Many Android users are running devices riddled with security holes, the most serious of which could allow a remote attacker to infect your smartphone with malware, simply by tricking you into opening an email, opening an MMS or browsing a website containing a boobytrapped media file.
Do you get a sense of deja vu? You should do. Because last year, security researchers uncovered a critical security vulnerability they named Stagefright that reportedly put 95% of the one billion Android handsets at risk of remote exploitation via malicious media files.
Now, like then, Android’s handling and processing of multimedia files is to blame.
In fact, Google has issued a string of more than 20 patches for its Android Mediaserver code since last August, proving that this is an Achilles heel for Android security. And the fact that some of the flaws can be exploited simply by sending an MMS is concerning, as all an attacker needs to know is his or her victim’s phone number.
Clearly Google needs to work harder at fixing the Mediaserver code to prevent serious security holes from continuing to bubble up, and potentially putting millions of users at risk of attack.
Yesterday Google released itslatest security update for Nexus devices running Android, as part of its now regular roll-out of monthly security patches – revealing the existence of more security holes in Android Mediaserver, as well as other parts of the operating system.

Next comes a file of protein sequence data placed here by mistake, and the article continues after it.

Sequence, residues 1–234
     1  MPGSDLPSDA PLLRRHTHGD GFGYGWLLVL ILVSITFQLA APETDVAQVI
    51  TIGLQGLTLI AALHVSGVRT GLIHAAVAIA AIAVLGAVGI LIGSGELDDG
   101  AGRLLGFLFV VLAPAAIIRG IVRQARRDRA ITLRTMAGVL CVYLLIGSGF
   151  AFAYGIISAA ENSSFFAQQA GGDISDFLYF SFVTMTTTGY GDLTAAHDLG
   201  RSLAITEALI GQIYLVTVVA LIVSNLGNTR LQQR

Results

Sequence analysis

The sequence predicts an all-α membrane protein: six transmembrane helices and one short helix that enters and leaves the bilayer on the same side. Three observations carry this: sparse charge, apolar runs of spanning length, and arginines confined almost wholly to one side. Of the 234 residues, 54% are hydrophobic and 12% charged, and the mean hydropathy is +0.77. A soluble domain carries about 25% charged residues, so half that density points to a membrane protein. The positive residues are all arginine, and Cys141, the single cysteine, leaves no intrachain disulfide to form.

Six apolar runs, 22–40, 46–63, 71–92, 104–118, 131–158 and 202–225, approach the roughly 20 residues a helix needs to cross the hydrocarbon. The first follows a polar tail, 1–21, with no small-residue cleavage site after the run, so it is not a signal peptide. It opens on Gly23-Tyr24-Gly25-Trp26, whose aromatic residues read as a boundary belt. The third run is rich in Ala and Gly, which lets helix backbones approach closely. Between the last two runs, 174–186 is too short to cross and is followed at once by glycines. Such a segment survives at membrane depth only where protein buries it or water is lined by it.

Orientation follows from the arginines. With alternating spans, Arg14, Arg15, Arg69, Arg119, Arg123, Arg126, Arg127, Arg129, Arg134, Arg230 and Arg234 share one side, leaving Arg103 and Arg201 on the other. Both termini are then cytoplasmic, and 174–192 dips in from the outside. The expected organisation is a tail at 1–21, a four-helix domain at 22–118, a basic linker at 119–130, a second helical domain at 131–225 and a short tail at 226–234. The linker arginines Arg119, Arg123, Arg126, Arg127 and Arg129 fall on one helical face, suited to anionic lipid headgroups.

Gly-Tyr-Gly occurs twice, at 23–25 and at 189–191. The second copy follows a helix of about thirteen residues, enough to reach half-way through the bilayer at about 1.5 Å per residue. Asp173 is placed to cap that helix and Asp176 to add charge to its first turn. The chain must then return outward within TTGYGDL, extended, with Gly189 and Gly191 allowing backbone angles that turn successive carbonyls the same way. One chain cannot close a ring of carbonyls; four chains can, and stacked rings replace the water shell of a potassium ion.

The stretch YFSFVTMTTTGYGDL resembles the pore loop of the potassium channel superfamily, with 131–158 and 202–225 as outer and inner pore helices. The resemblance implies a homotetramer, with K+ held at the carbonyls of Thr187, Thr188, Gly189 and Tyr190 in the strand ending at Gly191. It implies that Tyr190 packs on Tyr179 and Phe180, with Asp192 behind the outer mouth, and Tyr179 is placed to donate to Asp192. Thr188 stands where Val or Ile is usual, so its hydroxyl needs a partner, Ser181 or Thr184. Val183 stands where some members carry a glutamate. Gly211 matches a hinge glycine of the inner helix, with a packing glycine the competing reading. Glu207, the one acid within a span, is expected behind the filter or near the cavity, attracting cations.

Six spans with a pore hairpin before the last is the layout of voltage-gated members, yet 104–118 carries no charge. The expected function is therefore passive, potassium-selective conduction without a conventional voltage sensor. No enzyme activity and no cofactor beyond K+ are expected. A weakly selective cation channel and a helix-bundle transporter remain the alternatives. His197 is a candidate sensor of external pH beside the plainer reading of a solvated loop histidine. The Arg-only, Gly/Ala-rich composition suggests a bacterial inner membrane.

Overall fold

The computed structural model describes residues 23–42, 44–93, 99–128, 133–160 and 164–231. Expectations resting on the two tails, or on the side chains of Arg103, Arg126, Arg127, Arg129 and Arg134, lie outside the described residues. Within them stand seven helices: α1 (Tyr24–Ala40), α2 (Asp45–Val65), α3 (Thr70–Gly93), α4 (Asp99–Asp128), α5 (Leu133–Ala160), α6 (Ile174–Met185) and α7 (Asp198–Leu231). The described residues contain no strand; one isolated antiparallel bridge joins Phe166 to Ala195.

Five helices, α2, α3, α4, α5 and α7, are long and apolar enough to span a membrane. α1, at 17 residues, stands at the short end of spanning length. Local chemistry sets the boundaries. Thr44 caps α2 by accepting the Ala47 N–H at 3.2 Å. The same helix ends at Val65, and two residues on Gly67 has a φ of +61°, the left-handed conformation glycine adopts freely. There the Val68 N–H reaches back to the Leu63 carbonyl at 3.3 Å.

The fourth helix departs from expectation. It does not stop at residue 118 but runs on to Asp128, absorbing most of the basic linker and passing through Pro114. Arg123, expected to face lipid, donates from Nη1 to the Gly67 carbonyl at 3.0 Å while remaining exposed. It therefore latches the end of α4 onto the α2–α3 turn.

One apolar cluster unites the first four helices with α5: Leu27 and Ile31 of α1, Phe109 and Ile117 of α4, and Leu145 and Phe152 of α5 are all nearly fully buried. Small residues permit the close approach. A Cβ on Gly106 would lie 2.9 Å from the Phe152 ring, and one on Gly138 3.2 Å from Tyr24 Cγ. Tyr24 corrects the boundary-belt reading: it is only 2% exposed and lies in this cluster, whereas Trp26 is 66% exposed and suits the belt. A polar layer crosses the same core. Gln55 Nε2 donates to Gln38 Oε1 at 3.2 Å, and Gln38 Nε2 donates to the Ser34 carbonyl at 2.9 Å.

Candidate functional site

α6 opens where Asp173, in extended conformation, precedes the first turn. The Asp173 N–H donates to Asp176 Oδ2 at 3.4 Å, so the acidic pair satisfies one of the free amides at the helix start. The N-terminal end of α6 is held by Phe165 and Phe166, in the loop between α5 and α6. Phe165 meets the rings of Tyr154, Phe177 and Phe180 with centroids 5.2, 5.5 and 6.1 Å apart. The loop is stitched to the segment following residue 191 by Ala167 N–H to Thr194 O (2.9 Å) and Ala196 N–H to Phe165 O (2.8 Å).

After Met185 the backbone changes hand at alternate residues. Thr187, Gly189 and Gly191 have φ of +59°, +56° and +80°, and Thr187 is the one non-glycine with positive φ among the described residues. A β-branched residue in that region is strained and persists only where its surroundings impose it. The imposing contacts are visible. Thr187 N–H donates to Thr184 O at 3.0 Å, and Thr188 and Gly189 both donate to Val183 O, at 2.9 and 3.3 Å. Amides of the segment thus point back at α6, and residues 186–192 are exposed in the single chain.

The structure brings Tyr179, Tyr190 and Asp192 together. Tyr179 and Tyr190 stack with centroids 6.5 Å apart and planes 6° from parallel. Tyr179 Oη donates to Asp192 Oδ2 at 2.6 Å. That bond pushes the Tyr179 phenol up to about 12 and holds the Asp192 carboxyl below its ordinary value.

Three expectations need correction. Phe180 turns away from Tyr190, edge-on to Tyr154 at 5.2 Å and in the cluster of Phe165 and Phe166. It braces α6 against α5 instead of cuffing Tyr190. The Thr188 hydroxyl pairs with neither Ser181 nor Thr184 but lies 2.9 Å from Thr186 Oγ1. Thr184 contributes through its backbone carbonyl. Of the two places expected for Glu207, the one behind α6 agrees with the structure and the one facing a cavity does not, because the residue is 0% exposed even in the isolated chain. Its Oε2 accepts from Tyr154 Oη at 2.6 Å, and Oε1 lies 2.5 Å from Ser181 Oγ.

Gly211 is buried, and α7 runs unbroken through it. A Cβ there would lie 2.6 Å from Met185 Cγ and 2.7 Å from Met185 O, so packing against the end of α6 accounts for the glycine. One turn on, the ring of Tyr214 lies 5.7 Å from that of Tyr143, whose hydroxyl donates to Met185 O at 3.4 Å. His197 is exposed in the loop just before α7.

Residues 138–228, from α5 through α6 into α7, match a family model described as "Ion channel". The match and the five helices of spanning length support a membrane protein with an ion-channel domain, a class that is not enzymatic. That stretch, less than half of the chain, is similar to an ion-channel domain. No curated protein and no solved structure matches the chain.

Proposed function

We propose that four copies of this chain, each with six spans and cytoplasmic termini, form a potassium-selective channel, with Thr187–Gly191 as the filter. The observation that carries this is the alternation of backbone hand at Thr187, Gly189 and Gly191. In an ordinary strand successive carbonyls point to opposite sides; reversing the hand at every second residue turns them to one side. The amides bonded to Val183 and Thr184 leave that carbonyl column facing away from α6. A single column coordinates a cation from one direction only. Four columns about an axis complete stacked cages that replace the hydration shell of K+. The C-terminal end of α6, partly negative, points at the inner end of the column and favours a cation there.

It’s comforting news for Nexus users, of course, that a patched version of Android is on its way to them, but the announcement inevitably leaves owners of Android devices built by other manufacturers wondering if they are going to be similarly blessed with a patch.
Their only solace is that Google says it has received no reports of the vulnerabilities being actively exploited, although – of course – often criminals only start to experiment with a flaw when details of the problem become public.
When Google initially responded to the concerns raised by Stagefright by announcing it would finally start issuing security updates on a monthly basis, major manufacturers Samsung and LG chimed in that they would also improve their responsiveness in rolling out patches.
Let’s hope that manufacturers and service providers work closely and quickly together to ensure that over-the-air patches are issued in a timely fashion, and that we do not see a repeat of the all too common appearance where many Android owners are treated poorly and no officially-sanctioned security updates are made available to them – regardless of whether they are keen to update their devices or not.
If you’re a Nexus user, you can follow Google’s instructions for determining if you are running a version of Android with the correct security patch (Builds LMY49H or later and Android M with Security Patch Level of March 01, 2016 or later).